John Bogle’s other main argument against ETFs is that they’ve turned index funds from long-term investment vehicles into short-term trading vehicles. We see this today as ETFs have become some of the most widely-used investment vehicles for algorithmic trading computers. Theoretically, this can make ETFs more susceptible to “flash crash” events, and Bogle argued that mutual funds better protect the long-term investor from such events. However, if you look at the Vanguard 500 mutual fund (VFINX) versus the SPDR S&P 500 ETF (SPY) for the week around the May 6th 2009 flash crash, you will see that they hardly diverged at all. Bogle’s critics would argue that rather than making the markets more unstable, ETFs actually add to market stability by greatly increasing trading liquidity.
The other main argument, not made by John Bogle, but nonetheless prevalent in discussions of commodity ETFs, is that if you want to invest in commodities, like gold, you’re better off holding the metal in physical bars or coins, rather than in an ETF. These critics say that all you’re buying is a “piece of paper” and not an actual physical asset. Stories about the risks of gold investment are everywhere. Bullion companies like the “International Gold Bullion Exchange” sold gold they never owned. Other bullion companies such as “Goldline International” have come under investigation for potentially misleading sales tactics. Mining companies like “Bre-X Minerals” misled investors by overestimating their gold resources. Electronic gold companies like “E-Gold” have failed to reimburse customers after their accounts were hacked. But while there are certainly bad apples out in the marketplace, I find the “only buying a piece of paper” argument to be specious. When you purchase shares in GLD, SPDR goes out on to the world gold market and purchases physical metal which it then stores at HSBC’s vault in London. GLD hires the firm “Inspectorate” to regularly audit their gold holdings. The firm performs an annual complete physical audit as well as random testing throughout the year. Inspectorate claims to be the “world leader in commodity inspection and testing”. Of course, cynics would argue that before the Enron’s collapse, Arthur Andersen was the “world leader” in corporate auditing. So while investing in an ETF is not completely risk-free, choosing between physical gold and a gold ETF is like choosing between the risk of burglary and the risk of fraud. The risk of fraud is arguably lower, as you can always sue the company which defrauded you. In the case of GLD, you’d be able to sue SPDR and possibly HSBC. SPDR owns dozens of other funds and HSBC is one of the largest banks in the world. In the case of fraud, you’d likely have a better chance of getting your money back than in the case of a burglar breaking into your house and stealing your gold coins. The upside of ETFs over holding physical metals is enormous. Buying physical commodities, transporting them, holding them in a secure location and then selling them again is enormously expensive and time-consuming. The low fees, high liquidity and (arguably) lower risk of commodity ETFs clearly win.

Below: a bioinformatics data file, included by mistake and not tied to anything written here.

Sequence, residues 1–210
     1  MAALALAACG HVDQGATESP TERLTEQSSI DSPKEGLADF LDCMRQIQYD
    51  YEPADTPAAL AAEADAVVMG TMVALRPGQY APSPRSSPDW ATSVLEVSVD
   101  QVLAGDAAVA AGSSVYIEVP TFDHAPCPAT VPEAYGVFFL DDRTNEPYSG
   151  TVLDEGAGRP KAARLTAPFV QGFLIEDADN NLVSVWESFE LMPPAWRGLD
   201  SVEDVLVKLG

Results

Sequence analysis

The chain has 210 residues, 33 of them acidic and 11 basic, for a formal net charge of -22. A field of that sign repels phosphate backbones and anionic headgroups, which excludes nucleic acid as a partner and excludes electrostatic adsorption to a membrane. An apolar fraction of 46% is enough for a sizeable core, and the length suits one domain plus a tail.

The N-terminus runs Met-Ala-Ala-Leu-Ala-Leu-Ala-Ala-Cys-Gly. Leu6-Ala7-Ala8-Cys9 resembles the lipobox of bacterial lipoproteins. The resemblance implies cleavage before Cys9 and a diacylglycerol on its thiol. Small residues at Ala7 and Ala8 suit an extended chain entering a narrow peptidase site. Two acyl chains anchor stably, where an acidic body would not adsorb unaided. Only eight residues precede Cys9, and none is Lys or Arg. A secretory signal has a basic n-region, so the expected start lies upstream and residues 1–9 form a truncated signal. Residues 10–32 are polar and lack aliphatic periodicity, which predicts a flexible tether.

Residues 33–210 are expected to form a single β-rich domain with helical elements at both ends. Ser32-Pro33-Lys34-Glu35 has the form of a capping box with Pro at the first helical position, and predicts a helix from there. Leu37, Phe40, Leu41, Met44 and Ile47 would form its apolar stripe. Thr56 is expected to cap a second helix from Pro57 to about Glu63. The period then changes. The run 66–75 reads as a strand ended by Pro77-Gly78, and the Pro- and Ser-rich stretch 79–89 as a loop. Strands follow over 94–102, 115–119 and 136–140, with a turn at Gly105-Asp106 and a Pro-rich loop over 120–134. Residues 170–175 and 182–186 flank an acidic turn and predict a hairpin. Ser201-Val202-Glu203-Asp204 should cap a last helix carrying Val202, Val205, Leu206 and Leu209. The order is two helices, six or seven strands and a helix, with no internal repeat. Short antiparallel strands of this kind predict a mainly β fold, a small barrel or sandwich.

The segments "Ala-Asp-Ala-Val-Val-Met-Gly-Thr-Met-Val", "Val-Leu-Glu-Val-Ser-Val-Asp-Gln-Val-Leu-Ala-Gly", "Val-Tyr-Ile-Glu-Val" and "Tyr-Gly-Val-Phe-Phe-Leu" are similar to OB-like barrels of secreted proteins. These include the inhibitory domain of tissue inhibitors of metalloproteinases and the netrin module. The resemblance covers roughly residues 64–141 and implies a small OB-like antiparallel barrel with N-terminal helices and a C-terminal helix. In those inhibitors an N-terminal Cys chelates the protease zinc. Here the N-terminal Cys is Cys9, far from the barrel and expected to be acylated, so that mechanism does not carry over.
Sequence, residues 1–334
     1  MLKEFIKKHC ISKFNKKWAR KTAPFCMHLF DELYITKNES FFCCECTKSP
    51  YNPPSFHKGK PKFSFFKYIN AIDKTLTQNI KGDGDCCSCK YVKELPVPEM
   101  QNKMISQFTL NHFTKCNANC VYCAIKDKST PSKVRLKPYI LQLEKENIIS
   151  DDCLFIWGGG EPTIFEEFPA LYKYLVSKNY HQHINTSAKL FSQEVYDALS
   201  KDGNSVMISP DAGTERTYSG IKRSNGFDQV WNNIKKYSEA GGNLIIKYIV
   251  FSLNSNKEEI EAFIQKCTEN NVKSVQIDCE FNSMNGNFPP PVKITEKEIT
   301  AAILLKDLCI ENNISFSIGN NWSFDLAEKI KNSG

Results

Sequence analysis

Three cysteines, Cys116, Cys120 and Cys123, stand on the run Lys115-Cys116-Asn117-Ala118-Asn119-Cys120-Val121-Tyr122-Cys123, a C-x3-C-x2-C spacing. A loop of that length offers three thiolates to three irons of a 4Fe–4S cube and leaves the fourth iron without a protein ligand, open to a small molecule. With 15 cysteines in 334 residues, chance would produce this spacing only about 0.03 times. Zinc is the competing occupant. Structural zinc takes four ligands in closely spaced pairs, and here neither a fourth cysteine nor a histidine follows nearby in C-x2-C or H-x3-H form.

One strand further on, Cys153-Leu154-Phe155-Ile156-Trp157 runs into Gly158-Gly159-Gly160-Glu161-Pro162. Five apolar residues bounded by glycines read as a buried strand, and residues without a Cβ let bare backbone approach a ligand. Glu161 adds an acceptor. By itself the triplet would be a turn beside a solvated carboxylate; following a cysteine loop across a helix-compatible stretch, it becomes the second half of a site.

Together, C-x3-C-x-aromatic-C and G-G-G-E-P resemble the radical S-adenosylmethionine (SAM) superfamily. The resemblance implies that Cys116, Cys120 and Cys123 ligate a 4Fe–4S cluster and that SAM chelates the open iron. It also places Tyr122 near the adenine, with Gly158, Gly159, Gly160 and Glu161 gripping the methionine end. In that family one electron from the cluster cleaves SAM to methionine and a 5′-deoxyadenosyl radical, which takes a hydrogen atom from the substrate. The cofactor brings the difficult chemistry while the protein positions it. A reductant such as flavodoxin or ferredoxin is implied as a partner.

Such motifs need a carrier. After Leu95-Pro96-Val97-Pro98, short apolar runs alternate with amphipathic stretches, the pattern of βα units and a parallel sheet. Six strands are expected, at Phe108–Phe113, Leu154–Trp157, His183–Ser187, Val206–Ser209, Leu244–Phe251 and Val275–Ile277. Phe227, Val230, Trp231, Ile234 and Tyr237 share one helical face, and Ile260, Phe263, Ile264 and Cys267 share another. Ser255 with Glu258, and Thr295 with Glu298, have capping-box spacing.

So what is an investor to do? The answer is “it depends” – it depends on the risk tolerance and trading preference of the investor. If you plan to buy and hold company stock for the long term, mutual funds may be the best “set it and forget it” plan. If you believe that the sky is going to fall, or the government is going to seize your gold investments, or that the next market crash will trigger “bank holidays” where trading will be halted – you may very well be better off holding physical metals. If, however, you plan on actively trading your portfolio to take advantage of changes in the market, ETFs are the best way to invest.